Nonliving Things in a Forest Ecosystem

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An ecosystem is the dynamic interaction between living and nonliving things. The size of an ecosystem can be anything from one tree, to the Amazon rain forest, and even the entire Earth. The nonliving, or abiotic, elements of ecosystems are crucial as they provide important resources for the living things like habitat, food, minerals and light. In each ecosystem the living beings have co-adapted over time with the various types and amounts of nonliving elements to successfully meet their needs.

Sunlight

The sun's light provides energy to an ecosystem.
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The sun's light is an essential part of most ecosystems. Without the sun, there would be no photosynthesis in plants, a crucial process in the energy cycling in ecosystems. The sun also warms the atmosphere and evaporates water, allowing it to recycle through the ecosystem, and aids in the decomposition process.

Water

Water can be consumed or serve as habitat.
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Another crucial nonliving element in ecosystems is water. Because living things are mostly made of water, they cannot survive long without it. Water is consumed, and is also the primary habitat in some ecosystems, like lakes and oceans. Even in deserts and other very dry ecosystems organisms have adapted ways to conserve and store water.

Soil

Soil roots plants and helps bring them nutrients.
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Soil serves many essential functions in ecosystems. It roots plants that not only prevent erosion, but also serve as food and habitat for other living beings. Soil itself is a habitat for many organisms, both microscopic and large. Made of minerals and decaying plant and animal matter, soil cycles important nutrients back to many of the living elements in the ecosystem.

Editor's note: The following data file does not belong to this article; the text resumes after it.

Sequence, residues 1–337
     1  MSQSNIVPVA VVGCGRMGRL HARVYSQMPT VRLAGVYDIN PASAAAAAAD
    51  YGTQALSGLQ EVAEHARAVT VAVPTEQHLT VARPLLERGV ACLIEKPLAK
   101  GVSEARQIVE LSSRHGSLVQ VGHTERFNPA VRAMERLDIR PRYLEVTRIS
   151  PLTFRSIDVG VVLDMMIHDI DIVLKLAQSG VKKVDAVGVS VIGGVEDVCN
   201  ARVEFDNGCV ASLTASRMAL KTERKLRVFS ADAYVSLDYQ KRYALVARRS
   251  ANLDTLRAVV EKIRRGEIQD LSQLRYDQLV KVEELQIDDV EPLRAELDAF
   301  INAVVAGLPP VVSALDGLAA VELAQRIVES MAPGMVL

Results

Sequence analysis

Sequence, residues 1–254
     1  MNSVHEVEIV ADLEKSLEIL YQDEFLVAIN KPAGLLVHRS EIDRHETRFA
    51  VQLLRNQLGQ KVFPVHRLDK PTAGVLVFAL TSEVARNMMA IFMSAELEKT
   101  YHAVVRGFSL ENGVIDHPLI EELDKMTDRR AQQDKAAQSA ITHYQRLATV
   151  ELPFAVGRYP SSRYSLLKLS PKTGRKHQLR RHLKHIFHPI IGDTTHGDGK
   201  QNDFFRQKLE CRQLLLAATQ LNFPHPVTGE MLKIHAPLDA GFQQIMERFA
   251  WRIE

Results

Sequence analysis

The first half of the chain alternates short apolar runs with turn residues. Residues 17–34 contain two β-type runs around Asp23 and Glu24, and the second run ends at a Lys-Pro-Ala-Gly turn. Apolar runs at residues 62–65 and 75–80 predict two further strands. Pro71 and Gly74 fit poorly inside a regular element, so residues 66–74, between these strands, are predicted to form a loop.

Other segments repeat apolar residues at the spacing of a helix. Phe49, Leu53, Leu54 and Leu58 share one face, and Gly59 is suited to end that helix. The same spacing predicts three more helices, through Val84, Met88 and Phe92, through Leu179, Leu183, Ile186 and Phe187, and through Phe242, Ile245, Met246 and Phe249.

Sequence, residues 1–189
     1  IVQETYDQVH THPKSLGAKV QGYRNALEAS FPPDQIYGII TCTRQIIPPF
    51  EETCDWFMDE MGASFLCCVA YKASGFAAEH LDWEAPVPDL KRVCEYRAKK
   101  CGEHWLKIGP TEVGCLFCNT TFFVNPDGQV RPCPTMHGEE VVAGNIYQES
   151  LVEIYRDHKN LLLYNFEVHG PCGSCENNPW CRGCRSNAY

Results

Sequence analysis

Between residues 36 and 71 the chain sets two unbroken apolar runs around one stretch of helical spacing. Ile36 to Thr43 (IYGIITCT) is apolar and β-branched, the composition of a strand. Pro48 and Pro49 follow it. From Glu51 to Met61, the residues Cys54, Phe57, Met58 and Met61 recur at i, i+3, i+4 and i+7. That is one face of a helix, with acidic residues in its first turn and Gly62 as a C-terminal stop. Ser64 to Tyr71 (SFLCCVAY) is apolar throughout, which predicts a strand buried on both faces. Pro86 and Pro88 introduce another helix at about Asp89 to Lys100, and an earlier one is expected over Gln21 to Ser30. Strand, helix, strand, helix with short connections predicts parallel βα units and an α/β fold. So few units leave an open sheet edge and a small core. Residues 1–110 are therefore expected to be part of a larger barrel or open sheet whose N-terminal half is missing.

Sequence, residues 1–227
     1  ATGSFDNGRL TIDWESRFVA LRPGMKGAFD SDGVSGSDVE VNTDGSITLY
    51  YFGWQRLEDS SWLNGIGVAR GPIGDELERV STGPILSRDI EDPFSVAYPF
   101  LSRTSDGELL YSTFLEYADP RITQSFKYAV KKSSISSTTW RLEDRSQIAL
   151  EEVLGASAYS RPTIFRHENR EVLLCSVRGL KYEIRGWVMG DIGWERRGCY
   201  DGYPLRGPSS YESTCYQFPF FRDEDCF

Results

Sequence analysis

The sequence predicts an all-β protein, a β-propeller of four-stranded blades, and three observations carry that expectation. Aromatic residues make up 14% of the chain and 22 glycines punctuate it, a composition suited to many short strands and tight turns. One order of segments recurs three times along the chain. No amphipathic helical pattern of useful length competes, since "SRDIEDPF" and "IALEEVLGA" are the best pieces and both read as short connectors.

Air

Air is an important part of the life cycle.
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Living things must breathe. Animals inhale and exhale air, exchanging oxygen for carbon dioxide. Plants absorb and use carbon dioxide, and put oxygen back into the air. This give-and-take of elements is essential to life and mutually beneficial. The air is also part of the water cycle, holding water that the sun evaporates and releasing it back to the earth as rain and snow.

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About the Author

Jason Powers started writing professionally in January 2011. He has published articles, book and music reviews for over seven years for such publications as the now-defunct "Clamor" magazine. Since 2000 Jason Powers has worked primarily as an audio engineer in Portland, Ore. and also as an on-call social worker. He holds a Bachelor of Arts from the Evergreen State College.

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